Last weekend we gathered in ASI's museum for a cookbook signing with author Pat Sinclair. After Pat signed my book I admired a table of fika treats prepared using recipes from Sinclair's latest volume, Scandinavian Classic Baking. I filled a cup of coffee and sat devouring Swedish apple cake, Norwegian Toscakake, and (my favorite) Strawberry Cream Cake. The Strawberry Cream cake is a layering of cake, whipped cream and cream cheese, and fresh strawberries. After our long winter, this cake reminded me that Midsommar will be here before we know it and the strawberry cake will be on my menu.
As I sipped and ate, I chatted with an older woman named Jean. A stunning blonde, 89 year old Jean told me about her life growing up in Minneapolis, and that her father was a home designer. In fact, one of his designs was featured in Sunday's StarTribune. The gorgeous Kenwood mansion housed the Donaldson family. Jean's grandmother learned the seamstress trade working for a wealthy family in Sweden. In America, family members referred to this grandmother as "uppity" because she was so well groomed and worldly after working in affluent conditions.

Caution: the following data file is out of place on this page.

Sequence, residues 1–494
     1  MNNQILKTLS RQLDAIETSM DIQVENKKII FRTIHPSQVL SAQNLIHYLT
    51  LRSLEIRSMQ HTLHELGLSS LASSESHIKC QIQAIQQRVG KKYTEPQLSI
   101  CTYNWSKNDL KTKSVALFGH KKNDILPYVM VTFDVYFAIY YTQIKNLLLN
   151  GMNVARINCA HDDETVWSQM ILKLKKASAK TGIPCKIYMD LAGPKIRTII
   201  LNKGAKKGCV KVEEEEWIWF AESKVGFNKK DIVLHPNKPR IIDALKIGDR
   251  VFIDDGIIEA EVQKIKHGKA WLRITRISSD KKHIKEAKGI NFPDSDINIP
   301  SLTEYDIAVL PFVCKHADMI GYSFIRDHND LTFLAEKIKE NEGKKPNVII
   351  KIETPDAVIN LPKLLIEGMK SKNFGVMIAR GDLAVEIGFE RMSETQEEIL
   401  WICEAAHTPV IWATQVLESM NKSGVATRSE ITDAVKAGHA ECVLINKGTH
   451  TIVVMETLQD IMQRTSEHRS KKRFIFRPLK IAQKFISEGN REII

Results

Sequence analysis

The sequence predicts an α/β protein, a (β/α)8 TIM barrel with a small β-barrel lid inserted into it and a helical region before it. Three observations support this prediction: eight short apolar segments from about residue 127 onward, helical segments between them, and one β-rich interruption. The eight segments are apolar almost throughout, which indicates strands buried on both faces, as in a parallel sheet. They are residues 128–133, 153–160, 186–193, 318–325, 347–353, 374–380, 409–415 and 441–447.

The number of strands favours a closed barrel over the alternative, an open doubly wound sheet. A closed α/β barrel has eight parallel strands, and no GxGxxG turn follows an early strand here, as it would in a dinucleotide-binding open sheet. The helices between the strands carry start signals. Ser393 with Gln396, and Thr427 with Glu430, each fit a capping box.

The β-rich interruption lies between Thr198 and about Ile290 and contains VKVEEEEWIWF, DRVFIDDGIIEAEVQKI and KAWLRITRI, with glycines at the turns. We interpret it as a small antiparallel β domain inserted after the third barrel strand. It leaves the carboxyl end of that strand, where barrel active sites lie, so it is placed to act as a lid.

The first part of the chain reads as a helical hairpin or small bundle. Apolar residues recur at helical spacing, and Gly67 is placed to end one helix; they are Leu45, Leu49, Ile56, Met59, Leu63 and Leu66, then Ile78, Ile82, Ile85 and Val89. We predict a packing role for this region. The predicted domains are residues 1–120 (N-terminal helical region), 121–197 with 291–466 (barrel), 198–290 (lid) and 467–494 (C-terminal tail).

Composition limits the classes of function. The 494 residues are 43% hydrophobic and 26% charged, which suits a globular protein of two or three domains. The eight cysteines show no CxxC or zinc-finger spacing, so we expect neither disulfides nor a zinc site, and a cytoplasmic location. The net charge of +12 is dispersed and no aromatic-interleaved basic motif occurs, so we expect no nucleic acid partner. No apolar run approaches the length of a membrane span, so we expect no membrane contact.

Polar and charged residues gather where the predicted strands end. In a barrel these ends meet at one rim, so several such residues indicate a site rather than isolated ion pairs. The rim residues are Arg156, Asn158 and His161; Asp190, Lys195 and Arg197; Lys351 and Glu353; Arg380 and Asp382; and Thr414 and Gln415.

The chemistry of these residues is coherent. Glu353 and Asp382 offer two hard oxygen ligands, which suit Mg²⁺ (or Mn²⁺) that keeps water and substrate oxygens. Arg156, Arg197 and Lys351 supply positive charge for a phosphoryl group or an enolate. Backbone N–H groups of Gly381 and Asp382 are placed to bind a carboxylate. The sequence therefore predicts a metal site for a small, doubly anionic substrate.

Jean's mother was an excellent cook, she told me. I asked her what dish she missed most, expecting to hear about a special bread or dessert recipe. Instead, she spoke about a rutabaga-potato mash that her mother served with pork roast.
After listening to Jean's description of the mash, I understood why she longed for it still. Years ago we enjoyed a dinner with our Norwegian neighbors. They served one delicious course after another, but the only plate I can remember is the mashed rutabaga topped with melted butter, bacon drippings, and tiny little bacon pieces. I had three servings.